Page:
"It’s not right. It’s due to my own poor planning that I’m facing a shortage on credits."
If he cried and went to his family to bail him out, then sure, they might lend him a hand. It would also prove that he’d been in over his head. His aunts and uncles already disapproved of his career path. He wanted to avoid giving them ammunition.
Perhaps sell Lucky’s gems? Ves had dug out half-a-dozen of these little shinies, and they all provided minor benefits when installed onto any mech. Any expert would love them if they realized they could improve their mechs by just installing a single jewel.
Shaking his head, Ves discarded the idea. "Nah, that’s a last resort."
If he introduced these gems to the universe, a lot of powerful players would want to know their source. Ves lacked the strength to isolate himself from the connected universe he lived in. It was child’s play to track him down once he revealed any oddities.
"Forget about it. I need to figure out something else. What do I have that’s valuable but not so much that it can be sold for some quick cash?"
The workshop? Out of the question. The building, 3d printer and assembler constituted the most basic requirements of a mech manufacturer. Ves couldn’t part with any of it. He might as well make a deal with the bank about the loan if he gave up on the workshop.
What else did he have? The licenses, for one. Since he had just read through the terms of the Caesar Augustus’ production license, he became well aware of what he could do with it. National Aeromotives didn’t allow any shenanigans nor did they accept any refunds of a license Ves acquired through a charity grant.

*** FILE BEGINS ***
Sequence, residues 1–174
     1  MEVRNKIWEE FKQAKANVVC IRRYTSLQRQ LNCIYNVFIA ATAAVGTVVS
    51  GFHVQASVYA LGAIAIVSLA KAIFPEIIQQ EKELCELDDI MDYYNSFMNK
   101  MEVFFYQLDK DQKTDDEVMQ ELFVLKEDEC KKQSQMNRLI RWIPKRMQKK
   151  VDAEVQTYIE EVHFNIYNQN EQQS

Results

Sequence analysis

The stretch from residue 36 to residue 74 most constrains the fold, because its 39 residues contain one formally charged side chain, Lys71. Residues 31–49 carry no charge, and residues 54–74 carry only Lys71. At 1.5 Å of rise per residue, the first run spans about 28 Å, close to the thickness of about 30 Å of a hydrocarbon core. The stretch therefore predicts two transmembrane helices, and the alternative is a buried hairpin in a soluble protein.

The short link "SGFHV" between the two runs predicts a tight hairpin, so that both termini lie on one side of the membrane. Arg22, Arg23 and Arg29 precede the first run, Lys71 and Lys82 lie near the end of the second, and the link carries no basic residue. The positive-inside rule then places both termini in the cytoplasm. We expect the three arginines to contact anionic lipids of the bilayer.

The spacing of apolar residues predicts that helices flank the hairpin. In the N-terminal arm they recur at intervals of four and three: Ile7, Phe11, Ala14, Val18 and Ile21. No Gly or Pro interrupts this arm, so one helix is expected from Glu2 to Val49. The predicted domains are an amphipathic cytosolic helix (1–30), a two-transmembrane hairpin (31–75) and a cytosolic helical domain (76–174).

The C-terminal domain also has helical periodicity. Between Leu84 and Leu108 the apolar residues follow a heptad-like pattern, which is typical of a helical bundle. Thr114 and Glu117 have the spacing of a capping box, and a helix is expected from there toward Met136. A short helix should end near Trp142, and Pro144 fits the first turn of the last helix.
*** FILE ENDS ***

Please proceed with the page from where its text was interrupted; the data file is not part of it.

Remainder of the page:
"I still have a number of 1-star virtual licenses. At this stage they’re helpful, but not necessary to my plans. I wonder if I’m allowed to refund them. I bought them I bought out of my own pocket after all. Perhaps their terms aren’t as restrictive."
Ves searched the galactic net to see whether he could get some money out of the licenses. To his relief, the BSBH Corporation indeed set down a standard policy for returns.
A virtual license could be relinquished within the week at no cost if the purchaser hadn’t used it in any of his current models. If the owner possessed the license for more than a year, then the game wouldn’t give one credit back.
Ves fell in the situation in between, having bought the licenses for more than a week but much less than a year. Iron Spirit allowed purchasers to get back 75% of their money if the licenses were not in use, and only 50% if they were. These terms only applied to licenses bought personally at normal prices.
Licenses bought at a discount or granted by other institutions didn’t count, and unfortunately for Ves, the virtual licenses gifted by the System fell under this category.
Ves’ head spun after he combed through all the license agreements, but his work paid off. He knew what he could return and how much money he could claw back from the game. He visited Iron Spirit’s support site and submitted a refund application.
[Astoria Experimental Flight System]: 12,500 bright credits
[Fayette ECM Mk. I]: 3,500 bright credits
[Red Eye Assisted Aim Module]: 4,999.50 bright credits
[MTTR Removable Battery Pack]: 1,500 bright credits
[Harconix Light DMR Version 3]: 9,999.50 bright credits
[Mirin-21 Ultralight Armor Plating]: 5,000 bright credits